The Senses: Hearing Copy
Horses rely on a keen sense of hearing to alert them to danger and changes in their environment. Not only is the horse capable of hearing a wider range of both lower and higher frequencies than humans, but the shape and mobility of the ear itself acts as both a filter and amplifier to intensify their sense of hearing.
It is said that the eyes follow the ears and the mind follows the eye, so if you observe the movements of the ears you can anticipate where the horse will want to look and where his attention is headed. In addition to audible sounds, horses have the ability to “hear” the vibrations associated with changes in weather (impending storms, earthquakes and wind patterns). As anyone who has seen a horse pastured behind electrical fencing can attest, horses also seem to be able to “hear” or “smell” electrical current.
Unknown noises can be extremely worrisome to a horse, as can sounds that cannot be visibly connected to their source. Similarly, a soothing voice using low tones can be reassuring and calming. It can be useful to talk to the horse or even use audible breathing to keep a horse connected. On the other hand, constant unintentional talk can be irritating or at least distracting to a horse, which will begin to “tune-out”. Horses do not rely on audible communication to the degree that humans and many animals do.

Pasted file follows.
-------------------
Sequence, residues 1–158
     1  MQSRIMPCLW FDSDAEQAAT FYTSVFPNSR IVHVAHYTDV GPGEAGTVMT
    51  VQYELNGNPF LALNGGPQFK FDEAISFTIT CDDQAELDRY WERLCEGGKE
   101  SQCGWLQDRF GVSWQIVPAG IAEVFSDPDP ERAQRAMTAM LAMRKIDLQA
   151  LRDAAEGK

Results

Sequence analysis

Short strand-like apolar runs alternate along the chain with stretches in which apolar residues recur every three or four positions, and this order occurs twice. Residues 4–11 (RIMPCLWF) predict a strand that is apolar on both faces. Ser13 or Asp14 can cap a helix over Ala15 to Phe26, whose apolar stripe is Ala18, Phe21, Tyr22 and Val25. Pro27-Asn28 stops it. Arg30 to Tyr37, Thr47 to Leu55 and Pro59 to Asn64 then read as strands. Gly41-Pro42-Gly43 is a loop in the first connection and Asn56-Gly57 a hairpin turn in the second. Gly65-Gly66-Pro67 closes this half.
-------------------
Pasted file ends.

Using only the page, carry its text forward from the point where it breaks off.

Vocalizations do not constitute a large part of horse communication. Most expressions are accomplished through body language or gesturing. However, there are a few clear vocal messages that horses use to express their emotional state and to indicate distress, danger or excitement. Whinnying or neighing is often associated with separation or concern. Squealing is a defensive signal more common among breeding animals during arousal or from mares unreceptive to advances. Unfamiliar horses may squeal when they are introduced, a polite request to “back-off”. Snorting or blowing is used to express concern, fear or excitement. The nicker is an inviting low-pitched sound that is used as a greeting between companions, mares and foals and in early stages of courtship.
Most horse people cherish the sound of their own horse nickering upon seeing them. If we are vigilant about our observation, we will see that the horse is often providing us expressions of their affection. It is the wise horse person who recognizes the primary importance of body language, using verbal communication to support that body language without overwhelming the horse with needless conversation or chatter.
Bear in mind that the senses of hearing and vision may diminish in the horse with age, just as with humans. When working around geriatric horses, be sensitive to this fact and be sure that you stay within the horse’s field of vision whenever possible to avoid startling them and be aware of your environment.